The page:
Monday, November 11, 2013

A Question of Freedom by R. Dwayne Betts

“By eighteen I’d been shuffled between a county jail, a prison intake center and three prisons.  I’d been in isolation for thirty-five days and segregation for six months.  I’d been at the prison deemed the warehouse for Virginia’s most violent and dangerous criminals. . . . Red Onion was a level six, a super max.”  (184-5)

While structurally challenging, A Question of Freedom, Betts’ memoir of his years incarcerated after a carjacking at age 16, is undeniably relevant for many, if not most, incarcerated detained youth in New York City.  A Question of Freedom takes its reader on Betts’ harrowing journey through the cold, impersonal corrections system in Virginia and relays the author’s observations and emotional development as a young man.  A cautionary tale for young people who have not yet lost their freedom; an inspiring journey for those who can make it through the two hundred plus pages and appreciate where Betts is today along with the hard lessons he has learned.  A Question of Freedom is a recommended addition to the non-fiction collection of any teacher of urban young men.  Mature independent readers will find this text to be of interest, and it also may be appeal to book clubs, especially in excerpted form. --Jessica Fenster-Sparber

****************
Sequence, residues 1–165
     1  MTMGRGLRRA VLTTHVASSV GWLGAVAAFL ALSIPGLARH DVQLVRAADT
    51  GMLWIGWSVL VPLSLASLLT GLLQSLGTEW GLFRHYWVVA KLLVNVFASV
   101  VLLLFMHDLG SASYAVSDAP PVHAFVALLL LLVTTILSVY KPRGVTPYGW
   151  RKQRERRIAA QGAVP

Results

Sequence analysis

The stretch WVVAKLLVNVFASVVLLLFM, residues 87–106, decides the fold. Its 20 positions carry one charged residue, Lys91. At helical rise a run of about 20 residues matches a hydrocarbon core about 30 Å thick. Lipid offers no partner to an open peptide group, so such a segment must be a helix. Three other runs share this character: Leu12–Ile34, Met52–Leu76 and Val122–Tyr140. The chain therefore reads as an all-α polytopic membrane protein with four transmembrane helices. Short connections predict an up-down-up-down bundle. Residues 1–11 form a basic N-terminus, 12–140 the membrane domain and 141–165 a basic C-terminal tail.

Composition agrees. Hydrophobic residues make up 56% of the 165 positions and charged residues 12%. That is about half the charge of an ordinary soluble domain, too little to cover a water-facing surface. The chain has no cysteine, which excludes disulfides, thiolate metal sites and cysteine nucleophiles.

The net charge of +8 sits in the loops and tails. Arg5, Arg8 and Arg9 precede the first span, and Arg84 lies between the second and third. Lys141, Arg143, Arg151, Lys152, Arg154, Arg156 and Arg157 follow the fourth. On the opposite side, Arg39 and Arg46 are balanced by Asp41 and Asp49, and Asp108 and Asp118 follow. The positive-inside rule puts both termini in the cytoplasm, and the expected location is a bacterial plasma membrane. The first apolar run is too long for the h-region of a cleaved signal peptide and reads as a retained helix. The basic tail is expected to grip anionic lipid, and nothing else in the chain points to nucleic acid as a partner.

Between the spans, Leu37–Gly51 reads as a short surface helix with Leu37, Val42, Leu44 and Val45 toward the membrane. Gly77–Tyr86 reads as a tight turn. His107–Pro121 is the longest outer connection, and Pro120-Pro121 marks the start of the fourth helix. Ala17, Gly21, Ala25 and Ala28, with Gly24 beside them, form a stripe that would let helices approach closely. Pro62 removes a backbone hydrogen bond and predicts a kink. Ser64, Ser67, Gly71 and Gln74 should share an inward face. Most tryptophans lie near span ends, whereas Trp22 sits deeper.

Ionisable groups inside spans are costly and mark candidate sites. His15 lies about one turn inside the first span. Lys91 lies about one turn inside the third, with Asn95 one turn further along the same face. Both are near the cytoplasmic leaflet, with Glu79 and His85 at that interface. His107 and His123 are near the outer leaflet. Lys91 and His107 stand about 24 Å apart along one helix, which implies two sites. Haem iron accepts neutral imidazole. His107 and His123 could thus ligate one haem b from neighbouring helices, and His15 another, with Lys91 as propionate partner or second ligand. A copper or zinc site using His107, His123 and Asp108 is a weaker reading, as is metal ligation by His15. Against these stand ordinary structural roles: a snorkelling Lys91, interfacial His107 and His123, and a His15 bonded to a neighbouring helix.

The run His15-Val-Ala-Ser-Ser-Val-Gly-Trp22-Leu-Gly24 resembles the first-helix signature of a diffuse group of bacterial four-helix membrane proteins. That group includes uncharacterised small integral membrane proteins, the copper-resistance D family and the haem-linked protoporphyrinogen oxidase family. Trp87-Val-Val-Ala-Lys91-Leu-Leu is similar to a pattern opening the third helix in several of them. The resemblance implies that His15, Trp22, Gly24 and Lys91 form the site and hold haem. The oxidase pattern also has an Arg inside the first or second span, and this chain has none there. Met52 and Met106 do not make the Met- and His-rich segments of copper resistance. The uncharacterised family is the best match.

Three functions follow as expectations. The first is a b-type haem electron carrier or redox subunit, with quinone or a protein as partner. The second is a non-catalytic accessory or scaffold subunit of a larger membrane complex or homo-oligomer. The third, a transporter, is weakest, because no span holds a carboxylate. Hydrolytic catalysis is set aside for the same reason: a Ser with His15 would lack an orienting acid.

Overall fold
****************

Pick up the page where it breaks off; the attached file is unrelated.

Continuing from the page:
Penguin offers a discussion guide to A Question of Freedom here.

Betts, R. Dwayne.  A Question of Freedom.  New York: Penguin, 2010.  Print.

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